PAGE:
Bistoury Theatre's latest production, Tribe, explores homelessness. It's an intimately familiar topic for the troupe's cofounder Alexey Taran, who lived life on the streets firsthand.
Born in Santa Clara, Cuba, in 1970, Taran grew up in Havana and graduated from the Cuban National Ballet School before spending two years as a dancer in the Cuban National Ballet Company. His decision to leave Cuba for Caracas, Venezuela, in 1991 led to months of desperate living without a home.
As he struggled to start his career, Taran lived on the streets before moving into a car. Eventually, he found work at a dance company, which helped him find a place to live. "When I was homeless in Venezuela, it was something that touched me," he says.
Soon it became an inspiration for his art. "I was very depressed, seeing those people on the streets," he says. "The loneliness they live, sometimes the pain they carry — we wanted to make a piece of work, a piece of art, of this life. We wanted to honor the life of those people."
In 2005, Taran cofounded his company, Bistoury Theatre, with his partner, Carla Forte, who is primarily a filmmaker. The physical theater group combined their talents, mixing movement, dance, and film to present live performances that put social issues in context.
The two made their way to South Florida in 2007 after earning a Guggenheim Fellowship and began looking for stories in their new hometown. "In Miami, everything looks beautiful and perfect, but there is another side, a darker side," Taran says. "I think our work leans toward the darker side of Miami, the real side of Miami."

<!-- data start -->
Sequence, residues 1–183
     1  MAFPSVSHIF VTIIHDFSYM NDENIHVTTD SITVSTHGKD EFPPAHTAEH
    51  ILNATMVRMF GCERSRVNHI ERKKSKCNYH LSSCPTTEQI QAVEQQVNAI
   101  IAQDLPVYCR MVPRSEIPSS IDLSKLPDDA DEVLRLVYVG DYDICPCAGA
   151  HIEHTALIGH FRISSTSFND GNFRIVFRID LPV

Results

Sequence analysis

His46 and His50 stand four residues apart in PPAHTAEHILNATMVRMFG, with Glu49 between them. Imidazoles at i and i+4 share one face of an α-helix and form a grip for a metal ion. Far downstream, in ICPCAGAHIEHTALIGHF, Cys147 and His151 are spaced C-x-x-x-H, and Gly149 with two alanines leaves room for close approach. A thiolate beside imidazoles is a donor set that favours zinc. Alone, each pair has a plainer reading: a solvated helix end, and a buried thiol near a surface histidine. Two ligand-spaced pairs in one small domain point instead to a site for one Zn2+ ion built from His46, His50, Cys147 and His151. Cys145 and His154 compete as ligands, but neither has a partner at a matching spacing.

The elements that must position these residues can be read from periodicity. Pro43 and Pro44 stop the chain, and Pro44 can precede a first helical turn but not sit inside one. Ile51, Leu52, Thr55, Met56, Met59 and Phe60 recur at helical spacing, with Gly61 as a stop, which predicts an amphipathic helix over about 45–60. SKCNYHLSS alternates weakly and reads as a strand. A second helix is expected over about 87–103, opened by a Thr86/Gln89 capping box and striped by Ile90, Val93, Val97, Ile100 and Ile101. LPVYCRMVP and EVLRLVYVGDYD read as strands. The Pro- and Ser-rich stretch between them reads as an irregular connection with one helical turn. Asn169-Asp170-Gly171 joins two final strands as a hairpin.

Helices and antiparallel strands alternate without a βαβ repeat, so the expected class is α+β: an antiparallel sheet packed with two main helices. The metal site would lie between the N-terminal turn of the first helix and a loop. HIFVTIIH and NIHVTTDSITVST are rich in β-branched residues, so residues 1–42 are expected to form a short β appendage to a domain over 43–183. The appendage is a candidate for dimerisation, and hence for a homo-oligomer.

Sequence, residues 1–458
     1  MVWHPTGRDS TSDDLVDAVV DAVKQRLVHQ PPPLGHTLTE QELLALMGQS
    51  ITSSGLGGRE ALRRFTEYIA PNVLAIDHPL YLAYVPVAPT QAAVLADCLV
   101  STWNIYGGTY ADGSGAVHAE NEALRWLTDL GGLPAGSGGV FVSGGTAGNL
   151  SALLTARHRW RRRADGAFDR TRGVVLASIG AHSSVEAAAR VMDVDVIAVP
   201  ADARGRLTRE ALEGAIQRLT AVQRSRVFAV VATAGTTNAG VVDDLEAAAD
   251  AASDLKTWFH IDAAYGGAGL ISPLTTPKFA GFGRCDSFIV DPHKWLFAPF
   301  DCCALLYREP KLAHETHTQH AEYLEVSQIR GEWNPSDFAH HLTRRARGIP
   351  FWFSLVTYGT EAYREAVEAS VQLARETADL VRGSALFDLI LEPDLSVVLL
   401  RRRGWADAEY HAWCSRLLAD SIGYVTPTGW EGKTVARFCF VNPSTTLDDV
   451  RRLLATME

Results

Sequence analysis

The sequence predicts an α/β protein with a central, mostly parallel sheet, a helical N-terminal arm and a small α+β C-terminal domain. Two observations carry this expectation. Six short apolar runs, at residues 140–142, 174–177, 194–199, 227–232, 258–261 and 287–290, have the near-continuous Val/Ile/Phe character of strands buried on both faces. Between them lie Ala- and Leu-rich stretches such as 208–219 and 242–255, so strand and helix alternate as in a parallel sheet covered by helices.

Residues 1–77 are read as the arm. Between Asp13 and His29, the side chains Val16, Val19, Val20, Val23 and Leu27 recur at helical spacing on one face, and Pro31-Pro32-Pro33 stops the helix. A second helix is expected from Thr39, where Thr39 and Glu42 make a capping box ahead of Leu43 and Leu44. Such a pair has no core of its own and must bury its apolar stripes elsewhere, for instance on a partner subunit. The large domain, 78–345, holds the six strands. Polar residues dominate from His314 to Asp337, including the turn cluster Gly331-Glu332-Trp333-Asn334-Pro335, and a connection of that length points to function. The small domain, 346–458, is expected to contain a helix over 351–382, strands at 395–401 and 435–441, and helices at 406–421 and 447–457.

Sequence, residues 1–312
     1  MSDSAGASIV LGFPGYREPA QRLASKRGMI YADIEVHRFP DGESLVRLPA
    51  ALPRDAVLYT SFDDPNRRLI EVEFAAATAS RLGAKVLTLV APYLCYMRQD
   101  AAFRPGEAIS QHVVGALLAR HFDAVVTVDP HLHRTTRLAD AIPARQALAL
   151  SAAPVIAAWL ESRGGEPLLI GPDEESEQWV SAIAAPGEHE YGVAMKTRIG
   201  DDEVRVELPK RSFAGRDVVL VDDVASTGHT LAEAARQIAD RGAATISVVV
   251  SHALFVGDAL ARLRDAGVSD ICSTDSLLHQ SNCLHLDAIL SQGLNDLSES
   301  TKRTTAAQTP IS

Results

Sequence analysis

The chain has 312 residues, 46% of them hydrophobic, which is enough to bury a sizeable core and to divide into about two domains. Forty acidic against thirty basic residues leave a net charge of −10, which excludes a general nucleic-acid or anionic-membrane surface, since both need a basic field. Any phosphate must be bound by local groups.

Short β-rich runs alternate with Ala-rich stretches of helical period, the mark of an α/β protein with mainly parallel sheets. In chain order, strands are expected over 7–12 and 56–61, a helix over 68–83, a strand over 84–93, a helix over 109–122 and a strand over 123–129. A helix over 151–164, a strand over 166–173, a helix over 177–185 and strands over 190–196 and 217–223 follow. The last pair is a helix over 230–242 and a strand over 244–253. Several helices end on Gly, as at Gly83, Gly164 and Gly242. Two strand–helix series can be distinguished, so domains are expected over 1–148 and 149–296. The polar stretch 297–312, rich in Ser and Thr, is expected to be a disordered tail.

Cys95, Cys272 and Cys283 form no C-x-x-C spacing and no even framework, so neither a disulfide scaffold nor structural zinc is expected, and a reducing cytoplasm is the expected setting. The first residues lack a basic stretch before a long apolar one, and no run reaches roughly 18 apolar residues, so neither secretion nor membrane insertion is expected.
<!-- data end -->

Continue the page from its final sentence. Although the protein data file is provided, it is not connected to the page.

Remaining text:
That exploration has led to quick success for Bistoury, which has staged live performances in Miami, New York, and Santo Domingo. Its film projects, meanwhile, have found equal acclaim. Urban Stories, which follows the journeys of several immigrants adjusting to life in Miami, was awarded best movie, best screenplay, and best cinematography honors at the Bootleg Film Festival in Toronto in 2012.
Tribe, their latest project, translates the world of the homeless into a new language through body gestures and includes participation by the Miami homeless community.
Taran says he'll continue drawing inspiration from the Magic City. "When you're walking on the street, downtown for example, you can hear the sounds of the street, you can hear music from a Latin place selling coffee. Everything that surrounds us becomes part of our films, and everything from our films becomes part of our memory."
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